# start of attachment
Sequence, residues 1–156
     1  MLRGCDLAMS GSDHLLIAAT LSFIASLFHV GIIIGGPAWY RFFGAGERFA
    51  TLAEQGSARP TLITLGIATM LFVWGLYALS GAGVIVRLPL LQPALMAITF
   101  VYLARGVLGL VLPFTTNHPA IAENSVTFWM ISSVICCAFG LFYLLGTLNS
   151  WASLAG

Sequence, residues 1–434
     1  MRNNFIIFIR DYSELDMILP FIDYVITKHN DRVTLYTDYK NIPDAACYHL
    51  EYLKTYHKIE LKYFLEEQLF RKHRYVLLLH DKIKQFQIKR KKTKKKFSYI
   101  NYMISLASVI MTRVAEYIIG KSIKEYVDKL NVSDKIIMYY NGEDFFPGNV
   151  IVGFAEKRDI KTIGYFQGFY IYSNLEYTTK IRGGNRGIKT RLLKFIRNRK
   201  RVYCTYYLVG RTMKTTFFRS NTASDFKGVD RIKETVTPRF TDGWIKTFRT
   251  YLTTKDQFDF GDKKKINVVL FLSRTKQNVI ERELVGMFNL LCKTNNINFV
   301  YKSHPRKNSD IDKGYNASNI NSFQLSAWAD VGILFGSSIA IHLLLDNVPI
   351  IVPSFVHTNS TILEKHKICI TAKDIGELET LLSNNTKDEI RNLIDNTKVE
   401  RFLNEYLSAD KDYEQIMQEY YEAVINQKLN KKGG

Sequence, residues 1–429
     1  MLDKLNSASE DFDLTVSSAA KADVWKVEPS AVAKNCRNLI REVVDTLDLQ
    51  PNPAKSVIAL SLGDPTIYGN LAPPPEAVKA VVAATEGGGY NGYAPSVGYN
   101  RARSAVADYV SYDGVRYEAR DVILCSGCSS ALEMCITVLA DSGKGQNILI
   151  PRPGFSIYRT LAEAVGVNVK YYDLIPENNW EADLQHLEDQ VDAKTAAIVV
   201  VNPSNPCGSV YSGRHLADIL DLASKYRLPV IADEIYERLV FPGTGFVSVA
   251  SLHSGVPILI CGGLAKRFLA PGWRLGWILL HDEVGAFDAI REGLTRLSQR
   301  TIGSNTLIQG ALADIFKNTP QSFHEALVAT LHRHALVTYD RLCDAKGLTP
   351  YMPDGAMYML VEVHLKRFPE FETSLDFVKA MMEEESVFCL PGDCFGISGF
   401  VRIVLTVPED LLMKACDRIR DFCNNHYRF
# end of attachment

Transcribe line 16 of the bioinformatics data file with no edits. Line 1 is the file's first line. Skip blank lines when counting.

Sequence, residues 1–429